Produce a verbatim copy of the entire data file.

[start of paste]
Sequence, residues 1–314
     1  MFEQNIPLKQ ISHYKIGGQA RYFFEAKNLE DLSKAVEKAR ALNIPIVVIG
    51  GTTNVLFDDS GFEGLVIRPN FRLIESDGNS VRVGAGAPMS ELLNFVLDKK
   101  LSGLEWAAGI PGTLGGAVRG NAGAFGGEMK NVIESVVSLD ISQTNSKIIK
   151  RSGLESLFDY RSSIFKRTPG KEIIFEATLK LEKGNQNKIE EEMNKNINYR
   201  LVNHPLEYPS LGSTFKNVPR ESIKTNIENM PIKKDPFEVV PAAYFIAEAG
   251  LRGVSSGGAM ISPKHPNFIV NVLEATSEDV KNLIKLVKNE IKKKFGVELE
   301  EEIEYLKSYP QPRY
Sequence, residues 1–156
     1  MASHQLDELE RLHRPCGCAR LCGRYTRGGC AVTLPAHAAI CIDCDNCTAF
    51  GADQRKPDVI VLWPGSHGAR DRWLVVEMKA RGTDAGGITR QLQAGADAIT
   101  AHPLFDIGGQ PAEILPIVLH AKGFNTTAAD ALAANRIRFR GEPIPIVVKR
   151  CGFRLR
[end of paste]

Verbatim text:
Sequence, residues 1–314
     1  MFEQNIPLKQ ISHYKIGGQA RYFFEAKNLE DLSKAVEKAR ALNIPIVVIG
    51  GTTNVLFDDS GFEGLVIRPN FRLIESDGNS VRVGAGAPMS ELLNFVLDKK
   101  LSGLEWAAGI PGTLGGAVRG NAGAFGGEMK NVIESVVSLD ISQTNSKIIK
   151  RSGLESLFDY RSSIFKRTPG KEIIFEATLK LEKGNQNKIE EEMNKNINYR
   201  LVNHPLEYPS LGSTFKNVPR ESIKTNIENM PIKKDPFEVV PAAYFIAEAG
   251  LRGVSSGGAM ISPKHPNFIV NVLEATSEDV KNLIKLVKNE IKKKFGVELE
   301  EEIEYLKSYP QPRY
Sequence, residues 1–156
     1  MASHQLDELE RLHRPCGCAR LCGRYTRGGC AVTLPAHAAI CIDCDNCTAF
    51  GADQRKPDVI VLWPGSHGAR DRWLVVEMKA RGTDAGGITR QLQAGADAIT
   101  AHPLFDIGGQ PAEILPIVLH AKGFNTTAAD ALAANRIRFR GEPIPIVVKR
   151  CGFRLR